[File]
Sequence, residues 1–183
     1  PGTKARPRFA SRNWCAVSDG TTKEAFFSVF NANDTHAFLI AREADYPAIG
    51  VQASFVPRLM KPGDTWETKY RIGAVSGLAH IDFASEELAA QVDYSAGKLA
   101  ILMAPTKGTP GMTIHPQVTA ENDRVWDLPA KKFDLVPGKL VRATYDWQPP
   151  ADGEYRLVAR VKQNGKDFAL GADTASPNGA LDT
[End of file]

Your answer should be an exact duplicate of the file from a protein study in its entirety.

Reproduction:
Sequence, residues 1–183
     1  PGTKARPRFA SRNWCAVSDG TTKEAFFSVF NANDTHAFLI AREADYPAIG
    51  VQASFVPRLM KPGDTWETKY RIGAVSGLAH IDFASEELAA QVDYSAGKLA
   101  ILMAPTKGTP GMTIHPQVTA ENDRVWDLPA KKFDLVPGKL VRATYDWQPP
   151  ADGEYRLVAR VKQNGKDFAL GADTASPNGA LDT